clock menu more-arrow no yes

Filed under:

A prospect you’ve probably never heard of: Zach Shepherd, 3B, Detroit Tigers

Lets take a look at a under the radar guy in the Detroit Tigers system that not many people, outside of those that keep very close tabs on the Tigers farm system have probably heard of. He’s a 19 year-old third baseman named Zach Shepherd that plays for the Tigers Midwest League Affiliate, the West Michigan Whitecaps.

Rick Osentoski-USA TODAY Sports

A prospect for your consideration: 19 year-old third baseman Zach Shepherd, who plays for the Detroit Tigers Midwest League Affiliate, the West Michigan Whitecaps.

Overview:

Zach Shepherd is a 19 year old from Australia playing in full season ball. So far this year he has hit .263/.347/.384 with a .342 wOBA and a 115 wRC+ in 70 games. He started at third base for the east team in the Midwest League All-star game in Peoria last week, and he ended up going 0-1 with a strikeout. In his ABL (Australian Baseball League) career he is a .239/.349/.343 hitter in 91 games.

Scouting Report:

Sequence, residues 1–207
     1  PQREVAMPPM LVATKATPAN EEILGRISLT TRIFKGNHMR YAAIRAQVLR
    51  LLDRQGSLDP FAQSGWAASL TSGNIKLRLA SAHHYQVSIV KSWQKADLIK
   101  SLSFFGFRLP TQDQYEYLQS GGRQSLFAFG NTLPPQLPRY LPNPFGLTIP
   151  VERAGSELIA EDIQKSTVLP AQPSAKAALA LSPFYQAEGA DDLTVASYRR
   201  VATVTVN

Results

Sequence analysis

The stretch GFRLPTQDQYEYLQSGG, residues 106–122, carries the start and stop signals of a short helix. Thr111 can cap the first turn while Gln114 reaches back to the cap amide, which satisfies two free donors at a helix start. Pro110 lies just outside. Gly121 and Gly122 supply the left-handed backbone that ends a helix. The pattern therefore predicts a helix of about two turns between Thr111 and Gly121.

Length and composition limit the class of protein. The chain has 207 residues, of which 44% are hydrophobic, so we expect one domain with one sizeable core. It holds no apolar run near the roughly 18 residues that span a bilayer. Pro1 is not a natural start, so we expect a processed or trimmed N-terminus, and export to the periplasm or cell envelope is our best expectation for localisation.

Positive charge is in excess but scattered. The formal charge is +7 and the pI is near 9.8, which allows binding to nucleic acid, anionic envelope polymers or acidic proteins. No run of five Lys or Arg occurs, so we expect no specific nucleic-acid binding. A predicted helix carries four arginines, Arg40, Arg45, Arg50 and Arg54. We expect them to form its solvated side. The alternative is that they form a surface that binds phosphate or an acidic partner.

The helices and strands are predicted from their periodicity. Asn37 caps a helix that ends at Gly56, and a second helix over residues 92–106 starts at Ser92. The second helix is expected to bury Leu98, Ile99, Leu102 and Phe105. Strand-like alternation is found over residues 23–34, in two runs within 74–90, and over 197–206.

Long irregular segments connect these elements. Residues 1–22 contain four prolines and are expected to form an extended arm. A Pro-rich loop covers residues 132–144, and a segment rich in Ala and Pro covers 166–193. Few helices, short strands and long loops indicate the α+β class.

Shepherd bats and throws from the right side. He is listed at 6-3, 185 pounds, born September 14, 1995.

I’ve seen Shepherd play six times this year already and one of the very first things that stands out about him is his defense. His defense at third base can only be described as egregious. Currently it looks like a 30 glove at third. I don't see him improving his defense at third enough to be able to stay at that position long term. Due to this and his below average speed he profiles as a corner outfielder. His arm looks to be about average.

On the other hand, his hit tool is solid; I’d currently give it 50 potential with a really good-looking swing. He has a little leg-kick and shows decent bat-speed. Currently his power is mostly gap power, but there is some physical projection left and as he adds size and strength he will develop the ability to hit into a little bit of home run power. I’d give the power 45 potential.

Projection:

Shepherd profiles as a corner outfield type long-term. For me, his ceiling is a fourth outfielder. As a fourth outfielder he would give a team a solid bat off the bench with a little bit of power. Given the lack of high-upside talent in the Detroit system and as a crazy person who keeps close tabs on this system, I find Shepherd pretty interesting.